Alternately the friendly mediator and the hard-nosed judge, Weinstein pushed and prodded both sides (neither of whom were ready for trial) to a $180 million settlement. Professor Schuck reports that the defendants would have paid $200 million, but Judge Weinstein feared that this amount would signal to others that the case was stronger than it was and would encourage more litigation. In short, he placed a lid on the settlement to avoid sending the wrong signal.
Eventually, after the settlement, all his rulings (from class certification to settlement fairness) were appealed to the Second Circuit, which upheld them (with some minor changes). Judge Ralph Winter wrote the principal opinion and used it to indicate his doubts about using class actions for enormous, sprawling tort cases. Later, in asbestos litigation, these doubts turned from misgivings to outright reversals. Why then did these judges accept Judge Weinstein’s procedural innovations? The most likely answer is that Judge Weinstein coupled his unorthodox rulings with a settlement that both the public and the parties, themselves, wanted. It was a brilliant feat, orchestrated by a crafty judge — but just a little bit beyond what the law allowed.
Agent Orange as an Illustration of Jack Weinstein
Did Judge Weinstein behave as the classic neutral umpire — the model of the judge that law schools tend to assume and hold out to students? Certainly not! Neither his friends nor his foes would accuse him of that. Instead, he lived up to his own vision of the judge as problem solver. Still, those who would view Judge Weinstein as simply a pro-plaintiff judge miss much. When those plaintiffs who opted out of the class settlement came to trial before him, he held against them, finding that the evidence on causation was insufficient. The plaintiff’s attorneys in the class action were also bitterly disappointed with his very parsimonious fee award (only $10.7 million on a $180 settlement — or well less than 10%). Why so low? Some believe that Judge Weinstein was dissatisfied with the quality of their case and its weak evidence on causation.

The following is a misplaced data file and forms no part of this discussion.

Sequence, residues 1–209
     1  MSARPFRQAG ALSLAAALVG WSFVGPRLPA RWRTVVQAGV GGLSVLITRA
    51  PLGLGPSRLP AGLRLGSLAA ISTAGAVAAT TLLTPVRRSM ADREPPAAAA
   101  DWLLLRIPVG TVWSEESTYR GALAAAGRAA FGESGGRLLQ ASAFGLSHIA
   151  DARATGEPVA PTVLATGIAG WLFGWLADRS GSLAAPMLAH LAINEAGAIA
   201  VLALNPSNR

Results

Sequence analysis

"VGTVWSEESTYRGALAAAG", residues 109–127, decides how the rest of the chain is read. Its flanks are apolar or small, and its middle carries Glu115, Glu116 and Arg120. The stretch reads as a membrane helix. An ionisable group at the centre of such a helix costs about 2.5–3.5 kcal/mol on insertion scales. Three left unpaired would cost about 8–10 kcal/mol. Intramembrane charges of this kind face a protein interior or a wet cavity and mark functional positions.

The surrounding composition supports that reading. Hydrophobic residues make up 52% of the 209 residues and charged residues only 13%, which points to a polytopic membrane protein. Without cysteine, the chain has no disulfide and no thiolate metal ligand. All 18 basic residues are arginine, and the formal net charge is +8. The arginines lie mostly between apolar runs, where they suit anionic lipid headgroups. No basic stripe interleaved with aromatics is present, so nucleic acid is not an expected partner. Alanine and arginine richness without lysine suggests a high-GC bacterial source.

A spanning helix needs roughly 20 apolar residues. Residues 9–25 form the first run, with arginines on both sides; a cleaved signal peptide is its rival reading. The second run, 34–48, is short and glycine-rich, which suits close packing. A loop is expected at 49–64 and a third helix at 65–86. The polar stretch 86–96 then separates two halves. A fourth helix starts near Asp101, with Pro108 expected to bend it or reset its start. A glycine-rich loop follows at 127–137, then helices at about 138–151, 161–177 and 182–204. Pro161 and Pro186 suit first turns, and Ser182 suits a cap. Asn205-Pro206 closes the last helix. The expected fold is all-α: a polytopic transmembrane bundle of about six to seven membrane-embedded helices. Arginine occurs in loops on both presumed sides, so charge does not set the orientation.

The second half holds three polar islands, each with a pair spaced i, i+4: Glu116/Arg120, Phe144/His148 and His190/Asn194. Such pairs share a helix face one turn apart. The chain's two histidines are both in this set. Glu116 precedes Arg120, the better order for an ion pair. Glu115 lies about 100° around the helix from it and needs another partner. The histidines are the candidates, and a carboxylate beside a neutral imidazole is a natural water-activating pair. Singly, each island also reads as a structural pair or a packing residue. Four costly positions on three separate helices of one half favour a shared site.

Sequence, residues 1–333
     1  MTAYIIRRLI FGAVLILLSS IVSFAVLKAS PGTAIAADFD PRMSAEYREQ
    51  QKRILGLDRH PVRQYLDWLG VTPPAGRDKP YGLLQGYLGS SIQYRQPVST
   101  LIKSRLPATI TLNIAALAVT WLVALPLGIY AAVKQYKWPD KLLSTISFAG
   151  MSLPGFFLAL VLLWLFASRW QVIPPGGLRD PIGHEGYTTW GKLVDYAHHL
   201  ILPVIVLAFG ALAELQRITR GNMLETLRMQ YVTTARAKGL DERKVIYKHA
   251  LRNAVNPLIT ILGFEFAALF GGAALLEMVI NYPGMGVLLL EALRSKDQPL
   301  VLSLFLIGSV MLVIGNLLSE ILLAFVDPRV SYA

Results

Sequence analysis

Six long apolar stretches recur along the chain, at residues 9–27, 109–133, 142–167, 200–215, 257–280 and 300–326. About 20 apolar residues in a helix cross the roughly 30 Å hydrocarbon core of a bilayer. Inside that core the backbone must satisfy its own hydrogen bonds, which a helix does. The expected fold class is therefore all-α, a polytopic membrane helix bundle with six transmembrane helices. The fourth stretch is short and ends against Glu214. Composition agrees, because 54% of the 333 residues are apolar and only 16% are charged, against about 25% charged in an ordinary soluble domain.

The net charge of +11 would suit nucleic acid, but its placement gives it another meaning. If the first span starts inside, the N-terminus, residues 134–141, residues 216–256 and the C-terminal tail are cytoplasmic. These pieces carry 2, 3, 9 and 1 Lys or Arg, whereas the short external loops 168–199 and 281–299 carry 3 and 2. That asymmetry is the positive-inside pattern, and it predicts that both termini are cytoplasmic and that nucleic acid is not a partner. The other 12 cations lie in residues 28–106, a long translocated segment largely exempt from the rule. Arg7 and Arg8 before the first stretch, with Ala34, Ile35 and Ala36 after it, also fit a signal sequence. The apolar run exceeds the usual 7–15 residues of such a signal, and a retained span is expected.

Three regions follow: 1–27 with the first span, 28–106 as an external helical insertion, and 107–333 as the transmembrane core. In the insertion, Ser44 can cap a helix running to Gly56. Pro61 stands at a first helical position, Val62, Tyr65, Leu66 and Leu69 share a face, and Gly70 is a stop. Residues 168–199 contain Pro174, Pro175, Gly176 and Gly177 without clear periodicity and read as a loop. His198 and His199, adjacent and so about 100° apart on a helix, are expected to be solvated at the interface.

The last stage of the Agent Orange litigation showed Judge Weinstein at his most characteristic. Before the settlement was distributed, he held six days of fairness hearings — three in Brooklyn, and one each in Houston, Atlanta, and San Francisco. Apparently, the judge listened to 500 persons, and he received hundreds of telephone and written communications. This was Judge Weinstein as the Master of Empathy. It was not fake; he believed the best service he could perform was to show veterans (and their widows and descendants) that their government did care about and respect them.
Unfortunately, of all his innovations, this was the one that he was least able to pass on to the next generation. Empathy is hard (and maybe impossible) to mandate. Today, we do see occasions when it breaks out briefly, even in contemporary practice, but it is not common. If Jack Weinstein had it in his power to correct one thing about contemporary mass torts and their resolution, I expect it would be to insist that a caring, feeling judge was necessary.
In short, when all is said and done, Jack Weinstein certainly was “brilliant” and “crafty,” but his true defining characteristic was his empathy; he cared, and it showed.
 For fuller accounts of the Agent Orange litigation, one should begin with Peter Schuck, AGENT ORANGE ON TRIAL (1987) and then turn to Jeffrey B. Morris, LEADERSHIP ON THE FEDERAL BENCH: The Craft and Activism of Jack Weinstein (2011). For his own views, see Jack Weinstein, Ethical Dilemmas in Mass Tort Litigation, 88 NW. U.L. Rev. 470 (1994). Having served him briefly as a special master, I have heard his views on this and other mass tort cases.
 See Schuck, supra note 1, at 11.
 Id. at 15.
 See In re “Agent Orange” Prod. Liability Lit., 580 F.Supp 690, 698 (E.D.N.Y. 1984).
 In re “Agent Orange” Prod. Liab. Lit., 818 F.2d 145, 164 (2nd Cir. 1987).
John C. Coffee, Jr., is the Adolf A. Berle Professor of Law at Columbia University Law School and Director of its Center on Corporate Governance.